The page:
So you've decided to rent out a room in your own home. Who can blame you with the economy the way it is. Whether you live in your home, or have this rental property as a second home, it is still an intrinsic part of you. I'm sure you make every effort to secure the monies required to keep this home as a rental property.

Now you want to rent out a room, or maybe the second second home you purchased during the boom years before the real estate market turned sour. And for some inexplicable reason you have decided, you want to have college students as tenants.

The question arises, why would anyone want to rent to college students? They are not known as the epitome of responsible, on time or careful. And who can blame them? These are tumultuous times with many youthful adults having a hard time making the transition from home to independence at college.

Then again, like everything in life, there are pros and cons to this decision of yours. If your property happens to be within walking distance of a university or college campus, it makes all the more sense to prospect for college student to become your tenants.

So what are the pros?

For one, the college student tenant has no intention of living in your home indefinitely. They are by nature and circumstance transitory people. They will move to live with other friends. They will move for new jobs or internships or they will just vacate your home when the lease expires at the end of the school year. Always nice to have tenants who you know are going to leave promptly.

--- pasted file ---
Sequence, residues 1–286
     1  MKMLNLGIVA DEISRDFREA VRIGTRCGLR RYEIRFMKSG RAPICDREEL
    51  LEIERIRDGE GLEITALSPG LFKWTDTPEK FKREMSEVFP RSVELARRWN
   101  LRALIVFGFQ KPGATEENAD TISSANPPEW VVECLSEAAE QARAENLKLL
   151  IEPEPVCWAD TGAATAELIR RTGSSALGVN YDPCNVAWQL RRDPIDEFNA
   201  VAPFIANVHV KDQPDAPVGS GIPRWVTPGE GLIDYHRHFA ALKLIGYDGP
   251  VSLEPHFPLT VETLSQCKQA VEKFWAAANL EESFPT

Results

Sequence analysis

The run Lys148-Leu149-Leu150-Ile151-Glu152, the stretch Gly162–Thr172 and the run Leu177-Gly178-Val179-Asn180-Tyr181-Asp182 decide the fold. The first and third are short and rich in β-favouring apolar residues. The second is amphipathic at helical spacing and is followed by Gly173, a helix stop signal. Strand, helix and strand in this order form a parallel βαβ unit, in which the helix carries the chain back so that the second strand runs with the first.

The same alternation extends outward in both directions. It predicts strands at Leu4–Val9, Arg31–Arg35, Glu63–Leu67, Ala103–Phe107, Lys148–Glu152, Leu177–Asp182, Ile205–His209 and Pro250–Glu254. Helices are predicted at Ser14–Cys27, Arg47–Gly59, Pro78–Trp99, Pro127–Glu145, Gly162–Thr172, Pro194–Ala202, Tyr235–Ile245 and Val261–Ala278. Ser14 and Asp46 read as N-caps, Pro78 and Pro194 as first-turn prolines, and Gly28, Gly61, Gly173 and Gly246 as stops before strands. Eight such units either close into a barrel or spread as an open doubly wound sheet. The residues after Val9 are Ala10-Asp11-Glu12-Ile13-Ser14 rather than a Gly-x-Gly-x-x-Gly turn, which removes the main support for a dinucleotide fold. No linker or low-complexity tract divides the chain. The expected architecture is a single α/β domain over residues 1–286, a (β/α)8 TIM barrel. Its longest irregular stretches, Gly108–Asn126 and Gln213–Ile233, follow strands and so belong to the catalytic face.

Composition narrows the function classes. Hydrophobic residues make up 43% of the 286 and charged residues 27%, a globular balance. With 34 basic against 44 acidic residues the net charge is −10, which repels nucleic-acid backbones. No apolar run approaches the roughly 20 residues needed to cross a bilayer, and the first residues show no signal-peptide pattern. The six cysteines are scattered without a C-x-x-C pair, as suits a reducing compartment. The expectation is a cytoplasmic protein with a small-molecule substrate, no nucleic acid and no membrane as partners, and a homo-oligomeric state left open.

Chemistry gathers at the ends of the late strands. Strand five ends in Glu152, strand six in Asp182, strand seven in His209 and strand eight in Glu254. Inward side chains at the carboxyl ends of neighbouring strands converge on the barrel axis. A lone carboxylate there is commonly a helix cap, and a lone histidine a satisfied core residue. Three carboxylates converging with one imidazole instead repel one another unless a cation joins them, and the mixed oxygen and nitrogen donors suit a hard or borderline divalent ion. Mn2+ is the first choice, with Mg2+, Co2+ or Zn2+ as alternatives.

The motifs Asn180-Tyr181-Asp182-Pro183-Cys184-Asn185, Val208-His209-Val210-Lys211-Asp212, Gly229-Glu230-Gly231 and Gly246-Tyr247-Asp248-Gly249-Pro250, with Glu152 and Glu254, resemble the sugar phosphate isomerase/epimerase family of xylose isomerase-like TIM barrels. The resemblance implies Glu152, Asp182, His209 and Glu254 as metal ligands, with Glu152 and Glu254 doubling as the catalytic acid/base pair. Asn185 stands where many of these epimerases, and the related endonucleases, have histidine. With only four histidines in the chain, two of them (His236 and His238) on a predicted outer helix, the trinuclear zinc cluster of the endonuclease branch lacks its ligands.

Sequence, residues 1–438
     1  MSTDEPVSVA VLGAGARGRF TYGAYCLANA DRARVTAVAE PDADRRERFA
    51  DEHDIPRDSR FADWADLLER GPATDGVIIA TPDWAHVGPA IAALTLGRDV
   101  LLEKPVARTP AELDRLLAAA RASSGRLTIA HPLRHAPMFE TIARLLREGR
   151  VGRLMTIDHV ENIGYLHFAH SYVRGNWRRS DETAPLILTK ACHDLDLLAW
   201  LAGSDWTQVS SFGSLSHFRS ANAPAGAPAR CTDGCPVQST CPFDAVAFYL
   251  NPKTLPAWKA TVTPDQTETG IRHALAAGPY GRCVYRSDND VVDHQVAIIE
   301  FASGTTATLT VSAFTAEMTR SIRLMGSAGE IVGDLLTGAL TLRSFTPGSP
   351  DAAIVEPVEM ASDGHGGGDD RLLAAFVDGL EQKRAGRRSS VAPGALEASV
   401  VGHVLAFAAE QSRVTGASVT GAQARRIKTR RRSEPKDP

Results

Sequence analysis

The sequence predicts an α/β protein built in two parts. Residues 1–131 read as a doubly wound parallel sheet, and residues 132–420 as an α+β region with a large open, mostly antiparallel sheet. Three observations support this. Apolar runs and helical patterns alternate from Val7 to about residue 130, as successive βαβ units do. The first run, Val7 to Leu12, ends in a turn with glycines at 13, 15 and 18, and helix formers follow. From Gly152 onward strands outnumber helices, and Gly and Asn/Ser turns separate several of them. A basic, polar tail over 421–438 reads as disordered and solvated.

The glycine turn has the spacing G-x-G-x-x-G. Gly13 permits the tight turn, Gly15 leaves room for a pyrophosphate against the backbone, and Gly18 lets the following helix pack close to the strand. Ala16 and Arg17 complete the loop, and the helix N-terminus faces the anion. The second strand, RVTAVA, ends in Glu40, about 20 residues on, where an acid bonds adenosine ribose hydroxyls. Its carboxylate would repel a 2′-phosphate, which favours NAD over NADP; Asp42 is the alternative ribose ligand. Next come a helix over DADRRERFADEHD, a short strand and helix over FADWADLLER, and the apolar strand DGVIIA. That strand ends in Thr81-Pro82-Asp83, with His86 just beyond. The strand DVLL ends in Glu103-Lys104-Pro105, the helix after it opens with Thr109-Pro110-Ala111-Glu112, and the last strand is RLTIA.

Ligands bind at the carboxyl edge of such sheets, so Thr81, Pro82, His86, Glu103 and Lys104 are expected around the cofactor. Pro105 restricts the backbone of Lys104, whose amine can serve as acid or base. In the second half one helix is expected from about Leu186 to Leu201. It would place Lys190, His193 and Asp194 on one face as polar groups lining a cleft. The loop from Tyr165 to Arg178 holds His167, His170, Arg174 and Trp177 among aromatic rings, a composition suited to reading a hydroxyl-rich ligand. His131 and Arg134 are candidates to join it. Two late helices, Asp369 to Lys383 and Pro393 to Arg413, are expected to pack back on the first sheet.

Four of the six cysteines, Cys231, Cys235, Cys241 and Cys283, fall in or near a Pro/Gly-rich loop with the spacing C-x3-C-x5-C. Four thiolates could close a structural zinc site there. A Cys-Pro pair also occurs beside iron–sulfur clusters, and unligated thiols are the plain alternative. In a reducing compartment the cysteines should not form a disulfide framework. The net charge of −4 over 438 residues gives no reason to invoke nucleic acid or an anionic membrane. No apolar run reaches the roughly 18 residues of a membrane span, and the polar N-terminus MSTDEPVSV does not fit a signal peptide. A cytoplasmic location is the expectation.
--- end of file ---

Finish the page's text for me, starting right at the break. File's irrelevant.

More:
You can charge slightly higher rents if your rental property is located near a campus. Sort of like a 'convenience' surcharge. I know I paid that while attending the University in Boston and in the UK. If you happen to be a young person, it's a great way to meet new people.

So now let's discuss the cons.

There's almost no lease agreement, rules or discussions that can negate the potential damage these young, careful adults may cause to your rental property. It's almost never intentional (vandals are vandals, they can not be equated with youth, college or any other criterion) but it is almost inevitable. A party one night, and a spilled drink, there goes your white rug.

It's no secret that college kids can be irresponsible with their money despite being on a shoe string budget. So do not be surprised if your tenants are way past their rental due dates. Then when these tenants have a raucous party, neighbors will seek you out to complain (especially if the house is in a working class area).

Then there is the generational division. Do you think you would be able to handle conflict with people younger and more gregarious than you are? Will you be able to communicate with them? How will you keep an eye on your tenants? It's easy if you live on the same property, but what about if you live off-site? How will you make sure your student decisions respect the rules you have laid down?

I'm sure many of you have heard the wild brilliant stories of leasing to student tenants, with horrific tales of destruction caused by these same college student tenants. This decision of yours should not be so much a judgment call as an objective call. You need to be confident about dealing with young men and women who have just flown the nest and are eager to explore the uninhibited life outside the glare of mom and dad's attention. On the other hand you know to respect and recognize if these young people have made it to the University, there's also every reason to believe they are grounded, hard-working and courteous people.